Share This Page

Chargers notebook: Spikes sticks up for embattled Turner

| Sunday, Dec. 9, 2012, 7:20 p.m.

Linebacker Takeo Spikes took offense to a report out of San Diego earlier in the week that head coach Norv Turner would be fired at the end of the season.

“It was so much foul play,” Spikes said after the Chargers upset the Steelers, 34-24. “I don't know where it came from. I thought it was (expletive) myself.”

Spikes heard talk all week about the Chargers not having much to play for after losing eight of their previous 10 games to fall out of playoff contention. Spikes said the team especially was aware of the negative talk about their longtime coach.

“A lot of people crucified Norv — killing him,” Spikes said. “Norv puts his face on the TV saying blame me. We stepped up and said enough is enough. ‘OK, Norv you take the (blame), but at the end of the day we are all accountable for what we do.'”

• Offensive lineman Reggie Wells (South Park and Clarion) was signed on Monday and didn't arrive in San Diego until Tuesday. By Sunday, he was earning a game ball. Due to injuries to starting tackles Jeromey Clary and Mike Harris, the Chargers used three new starters on the offensive line, including Wells at right tackle — a position he hadn't played in six years. “I wanted to come in and show that I am just not here and that I was here to play ball,” Wells said. Left tackle Kevin Haslam, who spent much of the season on San Diego's practice squad, also received a game ball.

• At one point, the Chargers had four non-starters on the offensive line when center Nick Hardwick left briefly in the first half. Still, that didn't prevent the line from allowing only one sack of quarterback Philip Rivers. He came into the game ranked second in the NFL by being sacked 36 times.

• Wide receiver Michael Spurlock has been with three teams in two months, but he was a big part of the Chargers' game plan Sunday. Of his seven catches and 64 yards, five came on third down for 55 yards. “On third downs, we knew what we were going to get. They rely on their front seven and we figured we could exploit their corners,” he said.

• It was the first regular-season victory for the Chargers in Pittsburgh (1-14) and third in 17 career games. But linebacker Jarret Johnson, who played nine years with Baltimore before signing with the Chargers this year, has won his share of games in Pittsburgh, and he said it never gets old. “This is, in my opinion, the greatest place in the NFL to win,” he said.

— Mark Kaboly

TribLIVE commenting policy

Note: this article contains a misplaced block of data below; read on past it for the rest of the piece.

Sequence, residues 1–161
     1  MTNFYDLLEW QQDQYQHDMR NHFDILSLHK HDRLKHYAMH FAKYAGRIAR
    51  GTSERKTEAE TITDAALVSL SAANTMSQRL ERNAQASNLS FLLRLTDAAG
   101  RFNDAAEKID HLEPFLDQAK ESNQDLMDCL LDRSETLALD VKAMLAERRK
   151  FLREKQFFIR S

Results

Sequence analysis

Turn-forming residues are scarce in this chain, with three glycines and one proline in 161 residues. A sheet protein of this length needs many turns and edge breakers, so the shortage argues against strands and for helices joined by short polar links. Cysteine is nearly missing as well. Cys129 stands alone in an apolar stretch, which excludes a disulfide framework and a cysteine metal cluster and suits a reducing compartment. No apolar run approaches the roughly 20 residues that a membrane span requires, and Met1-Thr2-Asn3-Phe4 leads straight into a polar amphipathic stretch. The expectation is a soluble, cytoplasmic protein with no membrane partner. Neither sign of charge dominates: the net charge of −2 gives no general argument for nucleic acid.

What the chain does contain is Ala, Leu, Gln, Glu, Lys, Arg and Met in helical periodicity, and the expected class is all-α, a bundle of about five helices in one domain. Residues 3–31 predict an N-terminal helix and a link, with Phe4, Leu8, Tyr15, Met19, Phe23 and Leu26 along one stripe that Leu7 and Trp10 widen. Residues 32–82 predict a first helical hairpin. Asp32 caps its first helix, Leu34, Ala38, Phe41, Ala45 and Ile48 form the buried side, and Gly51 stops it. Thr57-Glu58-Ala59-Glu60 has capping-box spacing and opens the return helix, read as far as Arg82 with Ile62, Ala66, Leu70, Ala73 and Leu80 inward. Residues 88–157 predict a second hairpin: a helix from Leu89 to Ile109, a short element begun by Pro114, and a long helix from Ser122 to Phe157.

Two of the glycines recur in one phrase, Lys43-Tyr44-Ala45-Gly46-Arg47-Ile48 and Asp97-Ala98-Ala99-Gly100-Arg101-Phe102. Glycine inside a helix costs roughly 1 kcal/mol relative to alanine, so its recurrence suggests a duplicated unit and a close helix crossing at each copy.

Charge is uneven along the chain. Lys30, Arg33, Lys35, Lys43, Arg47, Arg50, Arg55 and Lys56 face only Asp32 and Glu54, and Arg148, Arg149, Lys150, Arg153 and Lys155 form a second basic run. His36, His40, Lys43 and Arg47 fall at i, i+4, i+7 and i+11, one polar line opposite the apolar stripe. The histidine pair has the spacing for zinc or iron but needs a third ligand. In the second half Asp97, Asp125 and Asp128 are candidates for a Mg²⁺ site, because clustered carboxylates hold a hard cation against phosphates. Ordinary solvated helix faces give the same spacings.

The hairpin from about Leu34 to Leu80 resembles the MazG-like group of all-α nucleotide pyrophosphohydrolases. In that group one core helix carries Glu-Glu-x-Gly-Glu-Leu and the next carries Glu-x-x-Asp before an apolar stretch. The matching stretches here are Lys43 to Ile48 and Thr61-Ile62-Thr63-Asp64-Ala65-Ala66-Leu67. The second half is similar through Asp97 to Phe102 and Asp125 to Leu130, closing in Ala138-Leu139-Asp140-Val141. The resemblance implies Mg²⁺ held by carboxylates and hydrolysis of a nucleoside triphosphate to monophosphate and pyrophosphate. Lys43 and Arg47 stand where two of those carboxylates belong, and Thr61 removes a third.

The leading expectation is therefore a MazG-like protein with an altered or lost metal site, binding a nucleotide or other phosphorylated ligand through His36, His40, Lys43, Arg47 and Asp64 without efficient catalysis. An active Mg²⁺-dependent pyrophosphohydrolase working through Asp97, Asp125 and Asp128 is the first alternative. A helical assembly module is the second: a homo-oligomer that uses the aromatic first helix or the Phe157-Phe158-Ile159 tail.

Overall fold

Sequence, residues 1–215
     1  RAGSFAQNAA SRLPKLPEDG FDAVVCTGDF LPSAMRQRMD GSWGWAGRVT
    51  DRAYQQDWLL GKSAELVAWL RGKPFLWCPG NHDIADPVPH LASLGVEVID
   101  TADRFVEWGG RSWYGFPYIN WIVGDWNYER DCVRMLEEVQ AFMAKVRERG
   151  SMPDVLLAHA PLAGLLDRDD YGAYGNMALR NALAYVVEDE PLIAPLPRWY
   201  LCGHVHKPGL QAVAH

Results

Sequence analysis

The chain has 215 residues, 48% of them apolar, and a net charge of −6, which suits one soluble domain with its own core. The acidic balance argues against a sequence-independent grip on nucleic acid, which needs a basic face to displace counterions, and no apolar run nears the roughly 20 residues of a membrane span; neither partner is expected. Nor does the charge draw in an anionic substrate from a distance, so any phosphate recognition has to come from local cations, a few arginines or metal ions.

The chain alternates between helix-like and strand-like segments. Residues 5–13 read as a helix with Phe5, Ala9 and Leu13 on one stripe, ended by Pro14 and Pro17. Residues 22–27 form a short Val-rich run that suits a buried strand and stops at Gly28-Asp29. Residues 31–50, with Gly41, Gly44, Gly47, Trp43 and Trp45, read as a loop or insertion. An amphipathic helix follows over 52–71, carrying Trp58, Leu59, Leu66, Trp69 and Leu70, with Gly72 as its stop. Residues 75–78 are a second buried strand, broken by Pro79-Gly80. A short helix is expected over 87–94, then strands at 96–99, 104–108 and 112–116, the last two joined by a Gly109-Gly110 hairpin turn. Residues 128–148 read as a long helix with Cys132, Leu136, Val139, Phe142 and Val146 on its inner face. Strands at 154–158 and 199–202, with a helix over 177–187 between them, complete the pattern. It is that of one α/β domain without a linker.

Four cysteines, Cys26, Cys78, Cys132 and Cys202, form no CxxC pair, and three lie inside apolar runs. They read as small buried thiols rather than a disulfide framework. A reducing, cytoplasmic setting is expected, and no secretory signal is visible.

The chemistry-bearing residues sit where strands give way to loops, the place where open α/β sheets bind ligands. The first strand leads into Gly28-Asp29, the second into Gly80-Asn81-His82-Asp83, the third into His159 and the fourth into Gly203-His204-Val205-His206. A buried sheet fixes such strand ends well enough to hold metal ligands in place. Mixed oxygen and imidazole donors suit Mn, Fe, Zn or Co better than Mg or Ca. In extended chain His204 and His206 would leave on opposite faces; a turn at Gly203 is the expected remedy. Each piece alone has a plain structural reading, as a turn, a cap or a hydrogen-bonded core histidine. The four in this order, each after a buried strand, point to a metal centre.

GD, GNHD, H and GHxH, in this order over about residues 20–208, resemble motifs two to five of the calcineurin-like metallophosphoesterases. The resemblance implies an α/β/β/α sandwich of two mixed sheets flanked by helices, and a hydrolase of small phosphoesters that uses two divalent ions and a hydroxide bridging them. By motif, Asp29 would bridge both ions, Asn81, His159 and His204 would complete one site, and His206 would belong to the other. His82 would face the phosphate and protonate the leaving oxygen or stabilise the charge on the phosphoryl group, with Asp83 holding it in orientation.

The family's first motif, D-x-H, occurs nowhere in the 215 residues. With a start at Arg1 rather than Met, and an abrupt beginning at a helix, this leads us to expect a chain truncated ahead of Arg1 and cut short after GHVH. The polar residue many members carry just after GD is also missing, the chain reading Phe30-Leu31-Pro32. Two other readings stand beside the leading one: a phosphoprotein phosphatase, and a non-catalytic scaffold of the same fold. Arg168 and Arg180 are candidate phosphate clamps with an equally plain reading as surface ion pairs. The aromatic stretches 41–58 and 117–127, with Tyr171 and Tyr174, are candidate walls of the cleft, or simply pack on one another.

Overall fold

You are solely responsible for your comments and by using TribLive.com you agree to our Terms of Service.

We moderate comments. Our goal is to provide substantive commentary for a general readership. By screening submissions, we provide a space where readers can share intelligent and informed commentary that enhances the quality of our news and information.

While most comments will be posted if they are on-topic and not abusive, moderating decisions are subjective. We will make them as carefully and consistently as we can. Because of the volume of reader comments, we cannot review individual moderation decisions with readers.

We value thoughtful comments representing a range of views that make their point quickly and politely. We make an effort to protect discussions from repeated comments either by the same reader or different readers

We follow the same standards for taste as the daily newspaper. A few things we won't tolerate: personal attacks, obscenity, vulgarity, profanity (including expletives and letters followed by dashes), commercial promotion, impersonations, incoherence, proselytizing and SHOUTING. Don't include URLs to Web sites.

We do not edit comments. They are either approved or deleted. We reserve the right to edit a comment that is quoted or excerpted in an article. In this case, we may fix spelling and punctuation.

We welcome strong opinions and criticism of our work, but we don't want comments to become bogged down with discussions of our policies and we will moderate accordingly.

We appreciate it when readers and people quoted in articles or blog posts point out errors of fact or emphasis and will investigate all assertions. But these suggestions should be sent via e-mail. To avoid distracting other readers, we won't publish comments that suggest a correction. Instead, corrections will be made in a blog post or in an article.